Boeing to pay $ 2.5 billion to solve criminal case over 737 Max accidents

Boeing has agreed to pay $ 2.5 billion to resolve a criminal charge of defrauding federal aviation regulators responsible for deciding the safety of the 737 Max.

The US Department of Justice said Thursday it had reached a deferred prosecution agreement with the Chicago-based aerospace maker, the result of a criminal investigation into Boeing following two accidents in five months that killed 346 people in total.

Prosecutors have charged the company with one count of conspiracy to defraud the United States, according to documents filed in federal court in Texas on Thursday. The charge stems from what Erin Nealy Cox, US District Attorney for the North Texas District, called Boeing’s “misleading statements, half-truths and omissions” to the US Federal Aviation Administration.

Boeing has admitted guilt under the deferral of prosecution agreement.

“The tragic crashes of Lion Air Flight 610 and Ethiopian Airlines Flight 302 exposed fraudulent and deceptive conduct by employees of one of the world’s leading manufacturers of commercial aircraft,” said David Burns, Deputy Attorney General of Acting of the Criminal Division of the Ministry of Justice.

“Boeing employees have chosen the profit-over-franchise route by withholding important information about the operation of its 737 Max aircraft from the FAA and engaging in an effort to cover up their deception.”

David Calhoun, chief executive of Boeing, said in a note to employees that entering into the deferred prosecution agreement was “the right thing to do for us – a step that appropriately recognizes how we have failed. met our values ​​and expectations.

“This resolution is a serious reminder to all of us how critical our obligation to be transparent to regulators is and the consequences our business may face if one of us does not meet those expectations.

Boeing will pay around $ 244 million in fines, $ 1.8 billion in payments to airline customers of the 737 Max and $ 500 million in a fund for the survivors of those killed in the two crashes.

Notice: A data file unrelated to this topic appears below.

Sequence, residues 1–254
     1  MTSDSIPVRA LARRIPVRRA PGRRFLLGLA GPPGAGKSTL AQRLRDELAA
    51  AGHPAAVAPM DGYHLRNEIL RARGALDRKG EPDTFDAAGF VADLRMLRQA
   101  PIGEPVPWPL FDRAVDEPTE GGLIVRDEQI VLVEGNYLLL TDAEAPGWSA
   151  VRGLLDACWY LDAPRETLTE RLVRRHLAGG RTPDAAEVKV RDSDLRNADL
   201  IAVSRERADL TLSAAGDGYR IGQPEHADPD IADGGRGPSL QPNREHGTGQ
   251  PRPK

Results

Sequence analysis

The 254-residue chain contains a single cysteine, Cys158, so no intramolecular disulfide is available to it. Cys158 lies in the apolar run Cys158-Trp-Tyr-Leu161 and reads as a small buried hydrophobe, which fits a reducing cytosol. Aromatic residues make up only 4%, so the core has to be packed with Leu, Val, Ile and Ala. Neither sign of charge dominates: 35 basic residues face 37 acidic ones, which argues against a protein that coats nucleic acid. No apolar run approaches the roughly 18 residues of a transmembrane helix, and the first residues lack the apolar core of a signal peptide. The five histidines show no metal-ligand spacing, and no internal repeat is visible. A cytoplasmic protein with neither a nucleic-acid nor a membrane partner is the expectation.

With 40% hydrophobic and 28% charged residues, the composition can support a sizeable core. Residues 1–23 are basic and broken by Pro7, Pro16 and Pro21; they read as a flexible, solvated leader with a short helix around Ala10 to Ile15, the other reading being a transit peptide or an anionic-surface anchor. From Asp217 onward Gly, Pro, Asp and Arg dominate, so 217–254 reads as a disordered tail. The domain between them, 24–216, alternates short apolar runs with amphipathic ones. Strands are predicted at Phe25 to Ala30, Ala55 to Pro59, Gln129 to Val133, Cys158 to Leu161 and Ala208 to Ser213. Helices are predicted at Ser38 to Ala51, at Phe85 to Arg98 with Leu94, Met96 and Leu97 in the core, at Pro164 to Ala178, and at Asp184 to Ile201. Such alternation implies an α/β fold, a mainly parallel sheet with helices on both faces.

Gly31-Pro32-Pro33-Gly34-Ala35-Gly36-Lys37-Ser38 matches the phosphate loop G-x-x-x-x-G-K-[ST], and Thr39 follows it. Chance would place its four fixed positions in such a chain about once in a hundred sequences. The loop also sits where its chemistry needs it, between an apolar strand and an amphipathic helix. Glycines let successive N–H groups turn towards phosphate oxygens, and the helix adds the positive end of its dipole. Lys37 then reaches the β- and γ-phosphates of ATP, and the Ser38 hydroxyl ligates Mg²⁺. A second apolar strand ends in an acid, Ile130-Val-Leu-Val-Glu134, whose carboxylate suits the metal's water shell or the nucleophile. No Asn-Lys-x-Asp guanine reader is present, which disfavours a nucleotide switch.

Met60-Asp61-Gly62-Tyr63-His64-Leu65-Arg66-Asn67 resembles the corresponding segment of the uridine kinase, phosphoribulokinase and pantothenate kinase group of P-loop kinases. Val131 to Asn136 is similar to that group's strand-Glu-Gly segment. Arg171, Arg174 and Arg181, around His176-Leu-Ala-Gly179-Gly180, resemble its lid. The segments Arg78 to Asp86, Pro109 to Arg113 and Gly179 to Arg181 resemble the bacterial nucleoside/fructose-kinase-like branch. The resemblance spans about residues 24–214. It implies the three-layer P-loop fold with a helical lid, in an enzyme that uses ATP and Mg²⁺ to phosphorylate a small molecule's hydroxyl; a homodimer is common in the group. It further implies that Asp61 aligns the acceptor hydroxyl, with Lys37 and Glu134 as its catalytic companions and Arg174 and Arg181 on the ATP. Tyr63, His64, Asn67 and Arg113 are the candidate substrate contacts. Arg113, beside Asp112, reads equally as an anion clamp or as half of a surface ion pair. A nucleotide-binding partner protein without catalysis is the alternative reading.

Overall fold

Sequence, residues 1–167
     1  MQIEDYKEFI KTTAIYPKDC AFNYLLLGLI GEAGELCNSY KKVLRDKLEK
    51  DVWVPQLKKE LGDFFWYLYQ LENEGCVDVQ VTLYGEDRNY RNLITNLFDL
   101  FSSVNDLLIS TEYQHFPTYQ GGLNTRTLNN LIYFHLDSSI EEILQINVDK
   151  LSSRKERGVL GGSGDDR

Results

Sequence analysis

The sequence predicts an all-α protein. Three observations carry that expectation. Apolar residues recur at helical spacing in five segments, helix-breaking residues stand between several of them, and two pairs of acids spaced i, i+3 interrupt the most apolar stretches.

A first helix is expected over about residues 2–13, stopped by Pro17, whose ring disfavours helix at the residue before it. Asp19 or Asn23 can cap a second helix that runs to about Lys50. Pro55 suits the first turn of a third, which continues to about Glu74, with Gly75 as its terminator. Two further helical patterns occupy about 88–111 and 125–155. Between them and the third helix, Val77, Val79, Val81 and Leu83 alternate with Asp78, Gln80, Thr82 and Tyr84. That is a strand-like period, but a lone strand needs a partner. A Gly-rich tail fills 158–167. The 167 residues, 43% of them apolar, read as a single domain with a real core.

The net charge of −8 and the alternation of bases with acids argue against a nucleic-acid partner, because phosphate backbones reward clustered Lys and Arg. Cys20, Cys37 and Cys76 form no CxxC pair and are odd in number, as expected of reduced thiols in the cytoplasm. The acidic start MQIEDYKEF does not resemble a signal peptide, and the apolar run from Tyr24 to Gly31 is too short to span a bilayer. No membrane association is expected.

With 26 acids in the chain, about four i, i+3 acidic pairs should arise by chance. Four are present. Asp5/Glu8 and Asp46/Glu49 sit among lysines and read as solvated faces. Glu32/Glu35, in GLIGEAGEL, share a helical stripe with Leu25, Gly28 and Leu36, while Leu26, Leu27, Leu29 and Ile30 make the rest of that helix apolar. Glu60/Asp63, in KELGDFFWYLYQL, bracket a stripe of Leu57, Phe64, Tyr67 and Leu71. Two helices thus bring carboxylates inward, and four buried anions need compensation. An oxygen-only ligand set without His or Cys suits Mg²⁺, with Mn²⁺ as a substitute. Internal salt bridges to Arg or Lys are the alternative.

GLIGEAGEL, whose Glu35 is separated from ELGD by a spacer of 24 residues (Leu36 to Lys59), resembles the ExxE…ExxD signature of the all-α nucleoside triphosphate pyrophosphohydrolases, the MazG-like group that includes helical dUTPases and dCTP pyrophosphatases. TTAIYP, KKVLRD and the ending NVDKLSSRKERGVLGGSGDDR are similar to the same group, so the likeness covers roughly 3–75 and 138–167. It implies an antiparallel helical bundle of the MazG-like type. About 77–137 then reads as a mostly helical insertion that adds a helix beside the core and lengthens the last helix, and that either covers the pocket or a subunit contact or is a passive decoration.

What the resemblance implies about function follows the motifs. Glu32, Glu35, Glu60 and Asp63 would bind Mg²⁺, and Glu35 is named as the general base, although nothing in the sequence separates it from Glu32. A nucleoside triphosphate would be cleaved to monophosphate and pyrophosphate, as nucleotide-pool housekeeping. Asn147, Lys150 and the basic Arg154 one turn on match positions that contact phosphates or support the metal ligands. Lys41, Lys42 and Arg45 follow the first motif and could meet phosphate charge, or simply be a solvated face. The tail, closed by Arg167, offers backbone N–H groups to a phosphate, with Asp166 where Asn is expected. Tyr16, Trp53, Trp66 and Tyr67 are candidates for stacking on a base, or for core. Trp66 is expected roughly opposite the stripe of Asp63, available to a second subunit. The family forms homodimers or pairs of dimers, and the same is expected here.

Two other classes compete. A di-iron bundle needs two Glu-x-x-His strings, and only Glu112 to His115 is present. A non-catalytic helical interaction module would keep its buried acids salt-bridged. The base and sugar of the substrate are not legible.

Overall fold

Boeing has already set aside about $ 1.8 billion of the $ 2.5 billion payment in previous quarters, according to a document filed with the Securities and Exchange Commission. This will require an additional $ 744 million in the fourth quarter of 2020.

The criminal fraud charge stems from Boeing’s claims about a flight control system known as the Maneuver Characteristics Augmentation System. The software had the ability to push the nose of the plane down if the jet stalled. However, it was only connected to a single sensor, and an erroneous reading of the plane’s tilt could trigger a situation where the jet was repeatedly pushed downward until it sank. ‘crushed.

Because Boeing deceived FAA regulators over MCAS, aircraft manuals and pilot training materials lacked information on the system, the Justice Department said.

The deal between prosecutors and Boeing means that if the company cooperates with the Justice Department and continues to implement the compliance program put in place following the accidents for three years, prosecutors will ask the court to dismiss the case against the company.

The Justice Department’s deal does not affect the continuing civil litigation against Boeing. The plaintiff panel in the Ethiopian Airlines Flight 302 lawsuit said on Thursday that the allegations in the deferred prosecution agreement were “just the tip of the iceberg of wrongdoing by Boeing – a company that pays. billions to avoid criminal liability while stranding and fighting families in court ”. .

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